The Dallas Morning News has added their endorsement and, despite some reasoned opposition and calls for more deliberation from DMN readers, it appears a contract extension for Mike Miles is a slam dunk.

It is no secret the business community, and the media that counts on their support for financial survival, really has one goal in mind. Bonds, taxes, moolah, and more of it.

Miles is their spokesman, front man, puppet, johnny on the spot and man of the moment. It has taken two years and a parade of public relations appointees to finally mold Mike Miles into the figurehead who will bring them into the Promised Land of Bond Projects and Tax Ratification Elections. Once the bumbling fool who ranted on about paper plates and melatonin, Miles now presents a fairly credible presence as he speaks of the need for public support of expanded pre-K programs and teacher preparation academies, and the high cost of scraping chewing gum off the sidewalks at the district’s dilapidated schools.

Only there are two problems with this scenario.

The first is home rule. If the rogue effort to turn Dallas ISD into a home rule charter district continues on for its allotted year time frame or even if it is successful this fall, there is no doubt the district will be thrown into chaos, as every aspect of its legality will be open to question and challenge. Lawsuits are not a possibility, they are a certainty. At a forum on home rule sponsored by the Coalition for an Accountable System of Education (CASE), Texas Education Agency chief counsel David Anderson termed DISD a “test case.” And we all know what that means.

Fat chance passing a bond issue when the community is throwing stink bombs at each other, with the school district in the big middle of the mess.

Last month, forty rabble rousers singing songs and carrying signs protested the charterization of Dallas public schools as eight busses loaded with the nation’s mayors rolled by, here for Mayor Rawlings’ Look At Us Conference of Mayors.

Look at us indeed. A city that can’t even agree on how to educate kids without arguing.

The irony of the business community’s support of Mike Miles is that no matter what image he presents in public, home rule or not, the wizards behind the curtain pulling his strings don’t give a rat’s ass whether TXI sells concrete, Chase Bank makes contractor loans, or about any of the myriad companies competing for management contracts, brick sales, painting contracts or window installations.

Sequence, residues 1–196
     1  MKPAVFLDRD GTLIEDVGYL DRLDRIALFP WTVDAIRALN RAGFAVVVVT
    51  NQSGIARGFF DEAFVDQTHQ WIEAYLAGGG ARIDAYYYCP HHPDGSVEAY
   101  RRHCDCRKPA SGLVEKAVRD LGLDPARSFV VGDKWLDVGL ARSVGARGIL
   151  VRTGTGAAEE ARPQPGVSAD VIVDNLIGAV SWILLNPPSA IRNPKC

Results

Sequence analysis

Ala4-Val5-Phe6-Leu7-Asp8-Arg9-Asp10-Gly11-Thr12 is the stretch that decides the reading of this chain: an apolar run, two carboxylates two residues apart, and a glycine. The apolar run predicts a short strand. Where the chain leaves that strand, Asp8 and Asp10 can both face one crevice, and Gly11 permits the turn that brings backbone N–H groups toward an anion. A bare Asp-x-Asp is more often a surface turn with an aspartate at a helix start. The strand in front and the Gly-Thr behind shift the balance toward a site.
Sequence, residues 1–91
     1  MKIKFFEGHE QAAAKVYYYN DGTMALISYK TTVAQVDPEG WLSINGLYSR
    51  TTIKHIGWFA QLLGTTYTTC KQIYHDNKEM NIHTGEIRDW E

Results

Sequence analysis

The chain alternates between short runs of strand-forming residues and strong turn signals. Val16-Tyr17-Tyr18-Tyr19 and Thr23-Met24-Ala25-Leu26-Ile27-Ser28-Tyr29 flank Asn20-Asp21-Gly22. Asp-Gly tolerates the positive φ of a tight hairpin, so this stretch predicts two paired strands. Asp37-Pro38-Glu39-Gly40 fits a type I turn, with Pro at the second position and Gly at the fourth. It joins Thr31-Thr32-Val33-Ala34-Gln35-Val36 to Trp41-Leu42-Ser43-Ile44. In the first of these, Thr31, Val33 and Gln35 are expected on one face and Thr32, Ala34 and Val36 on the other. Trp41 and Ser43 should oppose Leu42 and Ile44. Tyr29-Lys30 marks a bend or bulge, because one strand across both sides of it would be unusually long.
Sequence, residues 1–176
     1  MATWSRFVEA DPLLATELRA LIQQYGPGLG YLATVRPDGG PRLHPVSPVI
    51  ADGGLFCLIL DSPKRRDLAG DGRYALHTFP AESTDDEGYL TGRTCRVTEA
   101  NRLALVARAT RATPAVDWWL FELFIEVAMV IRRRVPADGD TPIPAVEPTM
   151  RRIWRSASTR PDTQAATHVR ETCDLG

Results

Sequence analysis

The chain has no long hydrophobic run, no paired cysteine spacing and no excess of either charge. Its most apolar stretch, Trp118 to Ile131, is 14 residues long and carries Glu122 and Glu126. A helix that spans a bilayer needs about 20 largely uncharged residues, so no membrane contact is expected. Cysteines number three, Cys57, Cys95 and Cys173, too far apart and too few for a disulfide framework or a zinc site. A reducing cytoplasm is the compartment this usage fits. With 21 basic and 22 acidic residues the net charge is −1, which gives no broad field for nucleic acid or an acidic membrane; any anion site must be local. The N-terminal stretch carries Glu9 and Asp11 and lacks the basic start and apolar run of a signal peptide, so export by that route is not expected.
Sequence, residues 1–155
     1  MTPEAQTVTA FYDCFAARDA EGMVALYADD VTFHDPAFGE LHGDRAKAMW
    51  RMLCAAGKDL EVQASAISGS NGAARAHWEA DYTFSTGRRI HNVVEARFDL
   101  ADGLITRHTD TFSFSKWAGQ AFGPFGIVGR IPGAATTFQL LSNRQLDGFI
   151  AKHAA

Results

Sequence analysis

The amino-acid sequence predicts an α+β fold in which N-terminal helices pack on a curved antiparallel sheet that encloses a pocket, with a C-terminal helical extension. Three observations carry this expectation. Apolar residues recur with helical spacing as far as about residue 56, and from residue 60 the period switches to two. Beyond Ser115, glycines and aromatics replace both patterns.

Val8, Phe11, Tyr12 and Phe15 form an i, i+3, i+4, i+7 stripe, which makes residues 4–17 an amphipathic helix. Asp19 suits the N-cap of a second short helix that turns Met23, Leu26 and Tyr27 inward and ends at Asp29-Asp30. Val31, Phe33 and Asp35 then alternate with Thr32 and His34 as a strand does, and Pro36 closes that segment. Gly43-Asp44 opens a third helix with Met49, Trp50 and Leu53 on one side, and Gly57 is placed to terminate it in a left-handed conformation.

The agenda Mike Miles is working toward is bigger than BIG, the Dallas Visitors and Convention Bureau’s ad gimmick, and bigger than Dallas. The Miles’ administration has been infiltrated by national reform groups, including the Broad Foundation, Stand for Children, and Teach for America, all with avowed agendas to disrupt public education and turn the teacher appraisal, recruitment, and certification business upside down.

These groups are backed up by legislative lobbying groups like Texans for Education Reform, whose director Julie Linn testified at an Education Committee hearing in Austin in April 2014 that the “grassroots” home rule effort in Dallas needed legislative relief to lower the obstacles to home rule implementation. She termed it the state’s duty to lower the voter turnout threshold, because, you know, Dallas ISD wants to close the achievement gap and home rule is the only way.

There have been many articles, blog posts, and white papers written in criticism of these groups and their influence on both local school districts and state and national policy. One on the disruptive change Broad superintendents bring can be found here. A critique of Dallas’s own Mike Miles and his disruptive ”Broad” management style can be found here. Former members of Teach for America who have become disillusioned and are critical of the group’s purpose and results have spoken publicly in opposition. A Stand for Children staffer offers up this blog, titled Stand Sucks. This article reviews Stand’s involvement in the Boston mayoral race. Boston is a home rule school, run by the mayor, and has been held up as a model for Dallas by Support our Public Schools home rule backers.

In the coming weeks, this blog plans to look more closely at the national reform agenda and how it is affecting both state and local policy and, more importantly, the students we claim to care about.

In the meantime, as the board debates extending Mike Miles’ contract, everyone with skin in this game should be aware of what they have to gain or lose in keeping Mike Miles around and bolstering his reputation and standing by giving him a raise and allowing him consulting privileges.